Stargate is the name given to a mysterious circular item found in Egypt eighty years ago and witnessed by a young girl called Catherine. In the present day the government still haven't figured out how it works, that is until reluctant expert Dr. Daniel Jackson has a look at the new-found discovery.
He deciphers the seventh and final code necessary to activate the phenomenon, allowing anyone or anything to cross through time and space to another point in the galaxy. Teaming up with an army team led by Col. Jack O'Neill who has his own troubles - his son shot himself dead accidentally, they set off to explore what's on the other side, finding an enslaved tribe held under the control of an evil God, Ra.
At the start of the expedition, O'Neill and Jackson are on opposing sides, mentally, especially since O'Neill's orders are to make sure those on the other side can cause no harm towards the people of Earth, but once they find their common goal it forces them to overcome their differences and find a way to defeat Ra.
The two main characters played by Kurt Russell and James Spader spar well together. Russell is more used to action/adventure films having been through Backdraft, Escape From L.A., Escape From New York, Executive Decision and Tango And Cash. Spader on the other hand has usually taken the more arthouse/low-budget route through Hollywood. When his star was in the ascendancy he started in comedies such as Mannequin and Pretty In Pink, then went onto the dramas Sex Lies and Videotape, White Palace and Two Days In The Valley, before Crash-ing into controversy with the censorship board with David Cronenberg's bizarre movie. Today, neither of them are particularly big Hollywood draws. How things change.
Jaye Davidson is still best known as Dil from The Crying Game, and we all know what happened in his role in that movie. Out of the entire cast though, Alexis Cruz, as the young boy Skaara, is the only member to appear in the spin-off television series "Stargate SG-1".
This disc contains both the theatrical and 130-min extended Director's Cut versions of the film, the first of which comes after the Stargate is unearthed in 1928 and shows petrified Horus guards near the cover stones, giving the idea that some had tried to come through the Stargate after its burial, but this was cut to shorten the running time.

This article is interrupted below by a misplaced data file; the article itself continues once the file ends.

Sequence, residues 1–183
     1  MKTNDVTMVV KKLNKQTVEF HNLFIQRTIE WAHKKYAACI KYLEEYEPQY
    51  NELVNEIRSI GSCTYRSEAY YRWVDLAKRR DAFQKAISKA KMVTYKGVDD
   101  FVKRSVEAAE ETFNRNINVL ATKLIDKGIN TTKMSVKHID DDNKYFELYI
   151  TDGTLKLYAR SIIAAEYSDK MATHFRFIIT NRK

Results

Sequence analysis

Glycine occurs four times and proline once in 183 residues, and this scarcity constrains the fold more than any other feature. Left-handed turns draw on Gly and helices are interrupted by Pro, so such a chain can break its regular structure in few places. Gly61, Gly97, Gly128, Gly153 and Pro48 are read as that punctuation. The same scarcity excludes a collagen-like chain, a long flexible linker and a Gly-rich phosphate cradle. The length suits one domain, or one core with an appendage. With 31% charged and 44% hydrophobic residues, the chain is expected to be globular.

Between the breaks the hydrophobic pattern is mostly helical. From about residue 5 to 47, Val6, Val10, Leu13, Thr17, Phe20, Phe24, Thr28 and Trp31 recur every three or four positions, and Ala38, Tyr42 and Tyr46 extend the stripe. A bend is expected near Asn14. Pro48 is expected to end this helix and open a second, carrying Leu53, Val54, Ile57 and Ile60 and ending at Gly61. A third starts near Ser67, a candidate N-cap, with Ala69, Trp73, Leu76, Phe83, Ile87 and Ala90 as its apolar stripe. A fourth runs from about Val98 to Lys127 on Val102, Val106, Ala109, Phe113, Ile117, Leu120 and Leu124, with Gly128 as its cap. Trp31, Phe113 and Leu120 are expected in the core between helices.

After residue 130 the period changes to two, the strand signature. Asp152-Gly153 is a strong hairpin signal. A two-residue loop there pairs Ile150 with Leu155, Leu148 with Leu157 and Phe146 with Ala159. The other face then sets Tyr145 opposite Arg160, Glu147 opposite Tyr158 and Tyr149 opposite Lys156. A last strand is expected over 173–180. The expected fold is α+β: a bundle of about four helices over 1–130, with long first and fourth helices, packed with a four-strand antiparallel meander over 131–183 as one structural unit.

Presented in the original 2.40:1 anamorphic widescreen ratio, the picture is nicely detailed but has a weird shimmering effect on it which also caused Optimum's Luc Besson Blu-ray releases to suffer. For the record, I'm watching on a Panasonic 37" Plasma screen via a Samsung BD-P1500 Blu-ray player.
As for the sound, this is in DTS 7.1 HD Master Audio in English (with a 5.1 option in French and German), or DTS 5.1 for those, like me, without the full technical dohickey. For a special effects film, expect the usual whizz-bang explosions usually associated with a Devlin/Emmerich production nicely represented here, not to mention the fact that your room will vibrate when the Stargate powers up for the first time! I can still remember seeing this one at the cinema and how exception the sound was, as my local, Manchester Showcase, was only just starting to equip a couple of its screens with DTS audio.
The extras are as follows:
* Stargate: History Made (22:19): A present day look back at the concept of the film, the casting and a general 'making of', all mixing in clips with chat from key cast and crew members. This featurette has 3 chapters
* Making of Stargate (52:02): A more in-depth look at the movie, presented in 4:3 and spread over 9 chapters, and this time filmed at the same time as the movie was made.
* Is There a Stargate? (12:11): A featurette pontificating on whether aliens have been here before.
* Original Stargate Previews (17:19): Five made-for-TV segments narrated by a man with a deep voice, made to promote the movie on its original release.
* B-Roll (6:03): Various on-set footage without narration.
* Gag Reel (3:13) Does what it says on the tin, although it's basically the cast and crew messing about and all in one take.
* Trailer (2:38): In rather ropey-looking 16:9. Come on, Optimum, you could've sourced a better print than this?
* Audio commentary: with writer/director Roland Emmerich and co-writer/producer Dean Devlin.
* Picture-in-picture: Stargate Ultimate Knowledge: Loads of additional info as the film progresses for the Stargate afficianado.
* BD Live: Connect your Blu-ray player to the internet and it sounds like you'll be able to get info the IMDB page for this film. I've never got my player to go online properly before, so I'll just visit IMDB anyway.
The menu mixes a short piece of the theme with some mediocre pyramid-style animation, and the text is available in English, French of German. Oddly, after it plays the music once, it then reloads the menu but doesn't need to do it again. Chapters-wise, this time there are 3 more than the average Optimum release, which makes a change, but still, 15 over a 2hr+ running period is just simply not enough. Finally, when it came to subtitles, Optimum are bad enough at the best of times with dropping them, but this is the ultimate insult - there are subtitles in French and German, but not the film's original language of English!